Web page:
The latest is one you may not have heard of – Scott Pilgrim. First released in 2004, there have been only six issues of the black-and-white graphic novel. It was widely well received, winning several awards, and developed a strong cult following. The film centers around 23 year old unemployed layabout Scott Pilgrim. He plays in a band called “Sex Bob-omb”, is still getting over a bad break up a year ago but finds himself dating a 17 year old high school girl, Knives Chau (“She’s Chinese!” Scott has to continually explain). But when delivery girl Ramona Flowers moves in, Pilgrim falls in love with her. Little does he know that if he wants to date her, he must battle to the death her “seven evil exes”. What follows is a fantastic Mortal Kombat style series of battles complete with level-ups, bonus lives and – of course – coins!
If you think that sounds far fetched – you’re right. Such is the nature of all comic books, I suppose. I’ve never really been into them, myself. I never collected them, I don’t think I’ve ever even bought a comic book. Except for Frank Miller’s Sin City series – and I bought them AFTER seeing the movie! But the beauty of comic books is that they force us to suspend our disbelief and immerse ourselves in a different world. They drag us through the story by our imaginations.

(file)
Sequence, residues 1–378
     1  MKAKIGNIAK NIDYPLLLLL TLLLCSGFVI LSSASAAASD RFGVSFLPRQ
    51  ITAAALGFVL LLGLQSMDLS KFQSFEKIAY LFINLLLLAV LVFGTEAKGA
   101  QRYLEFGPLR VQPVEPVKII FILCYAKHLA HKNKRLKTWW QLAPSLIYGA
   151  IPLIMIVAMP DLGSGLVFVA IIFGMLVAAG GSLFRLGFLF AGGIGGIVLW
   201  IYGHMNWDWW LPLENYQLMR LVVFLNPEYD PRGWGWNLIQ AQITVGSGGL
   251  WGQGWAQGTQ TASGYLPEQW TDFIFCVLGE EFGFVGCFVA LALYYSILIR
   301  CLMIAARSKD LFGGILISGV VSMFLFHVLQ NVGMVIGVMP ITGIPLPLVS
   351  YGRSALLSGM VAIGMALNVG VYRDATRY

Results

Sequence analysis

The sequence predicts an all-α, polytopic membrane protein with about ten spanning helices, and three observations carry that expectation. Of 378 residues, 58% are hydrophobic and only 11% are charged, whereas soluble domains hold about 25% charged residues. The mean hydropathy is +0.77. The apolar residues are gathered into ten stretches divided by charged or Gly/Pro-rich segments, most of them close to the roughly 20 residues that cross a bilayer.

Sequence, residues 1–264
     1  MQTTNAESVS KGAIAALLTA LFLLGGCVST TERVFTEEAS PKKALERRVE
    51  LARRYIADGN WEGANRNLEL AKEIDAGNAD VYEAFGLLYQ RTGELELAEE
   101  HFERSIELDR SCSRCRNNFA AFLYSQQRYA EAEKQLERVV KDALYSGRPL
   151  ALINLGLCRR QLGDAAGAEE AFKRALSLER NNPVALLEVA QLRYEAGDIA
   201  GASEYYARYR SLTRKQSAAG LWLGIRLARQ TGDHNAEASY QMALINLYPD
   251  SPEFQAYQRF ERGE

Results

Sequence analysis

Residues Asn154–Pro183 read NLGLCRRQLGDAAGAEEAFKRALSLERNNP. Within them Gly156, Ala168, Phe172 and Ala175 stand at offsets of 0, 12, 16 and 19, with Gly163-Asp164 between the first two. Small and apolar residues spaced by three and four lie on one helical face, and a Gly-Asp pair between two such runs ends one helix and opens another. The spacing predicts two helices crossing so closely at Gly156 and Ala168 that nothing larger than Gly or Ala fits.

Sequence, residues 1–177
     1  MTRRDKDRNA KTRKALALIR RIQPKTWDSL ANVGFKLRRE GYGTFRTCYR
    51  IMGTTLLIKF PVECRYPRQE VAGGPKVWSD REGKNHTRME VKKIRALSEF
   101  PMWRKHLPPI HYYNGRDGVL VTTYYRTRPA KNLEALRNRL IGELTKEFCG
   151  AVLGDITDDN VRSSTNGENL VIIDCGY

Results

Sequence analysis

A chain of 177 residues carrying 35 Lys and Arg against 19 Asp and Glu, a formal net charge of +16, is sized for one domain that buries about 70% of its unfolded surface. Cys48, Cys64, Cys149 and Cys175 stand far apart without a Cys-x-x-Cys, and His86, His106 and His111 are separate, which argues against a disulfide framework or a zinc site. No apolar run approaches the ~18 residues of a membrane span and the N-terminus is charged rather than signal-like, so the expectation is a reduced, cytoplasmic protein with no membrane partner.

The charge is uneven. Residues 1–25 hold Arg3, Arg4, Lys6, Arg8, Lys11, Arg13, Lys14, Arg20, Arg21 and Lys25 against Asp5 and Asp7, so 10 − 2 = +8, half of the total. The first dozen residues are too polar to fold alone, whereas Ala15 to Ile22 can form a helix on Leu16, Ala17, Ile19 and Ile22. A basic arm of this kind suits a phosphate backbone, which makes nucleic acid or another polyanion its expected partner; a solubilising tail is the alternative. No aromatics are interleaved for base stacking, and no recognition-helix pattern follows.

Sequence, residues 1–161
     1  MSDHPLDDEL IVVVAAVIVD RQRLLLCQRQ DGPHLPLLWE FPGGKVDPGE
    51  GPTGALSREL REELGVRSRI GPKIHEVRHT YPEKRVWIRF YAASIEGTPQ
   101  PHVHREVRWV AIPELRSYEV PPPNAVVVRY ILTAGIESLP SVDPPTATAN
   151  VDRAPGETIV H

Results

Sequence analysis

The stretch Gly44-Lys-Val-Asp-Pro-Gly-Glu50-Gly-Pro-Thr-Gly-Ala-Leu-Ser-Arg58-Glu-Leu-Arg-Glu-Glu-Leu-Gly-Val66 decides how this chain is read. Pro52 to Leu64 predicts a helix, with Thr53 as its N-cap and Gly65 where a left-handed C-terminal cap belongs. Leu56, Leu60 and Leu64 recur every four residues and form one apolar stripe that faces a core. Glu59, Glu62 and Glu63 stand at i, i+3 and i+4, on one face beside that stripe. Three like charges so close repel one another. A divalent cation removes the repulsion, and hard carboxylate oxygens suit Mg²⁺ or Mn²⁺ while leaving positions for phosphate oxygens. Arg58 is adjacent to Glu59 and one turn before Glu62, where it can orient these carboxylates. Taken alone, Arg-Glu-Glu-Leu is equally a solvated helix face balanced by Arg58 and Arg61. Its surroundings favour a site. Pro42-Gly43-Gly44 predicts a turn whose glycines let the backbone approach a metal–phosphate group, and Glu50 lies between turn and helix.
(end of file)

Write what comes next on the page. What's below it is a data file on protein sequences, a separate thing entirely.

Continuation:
And on the surface, Scott Pilgrim vs The World is a cookie-cutter Hollywood action-romance film. There’s the Ben Stiller-esque ‘ordinary bloke’, a love interest, a series of hurdles the hero needs to overcome, a brief crisis-of-confidence before an epiphany, an epic final battle scene and ultimate victory. There’s even a training montage at one point. But really this movie is SO MUCH more than that. There’s very cool special effects (complete with comic-book onomatopoeic sound effects like “Pow!” and “Thunk!”) and great martial arts sequences. It’s at times goofy, other times deadly serious. I mean, it’s a LOT of fun. It’s very much in the spirit of Kick-Ass, with zany characters in danger, and you really find yourself cheering for them. But on top of all that, the dialogue is extremely tight. Funny, entertaining and very “geeky”, the language and style is very well done and rarely predictable.
But what makes Scott Pilgrim so great is that it’s a totally unashamed geek-fest. It’s packed full of video-game references, mostly the old-style arcade and console games. Even the theme tune from Zelda is recreated, and lots of the music has definite 8-bit overtones. Yahoo!Games has a summary of the video-game aspects here. Shortly after seeing this film I tweeted that it was “thousands of tiny geekgasms rolled into one giant geekgasm.” If you’re into comic books or video games, or if you were EVER into comic books or video games, you will love Scott Pilgrim.